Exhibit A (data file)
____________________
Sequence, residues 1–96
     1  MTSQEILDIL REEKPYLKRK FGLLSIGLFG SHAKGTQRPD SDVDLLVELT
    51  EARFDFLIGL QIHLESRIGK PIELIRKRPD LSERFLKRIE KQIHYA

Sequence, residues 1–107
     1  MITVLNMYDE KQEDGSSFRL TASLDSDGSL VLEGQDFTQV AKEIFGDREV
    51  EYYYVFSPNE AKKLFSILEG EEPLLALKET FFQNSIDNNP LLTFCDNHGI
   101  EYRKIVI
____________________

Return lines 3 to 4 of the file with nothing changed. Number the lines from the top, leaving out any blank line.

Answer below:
    51  EARFDFLIGL QIHLESRIGK PIELIRKRPD LSERFLKRIE KQIHYA

Sequence, residues 1–107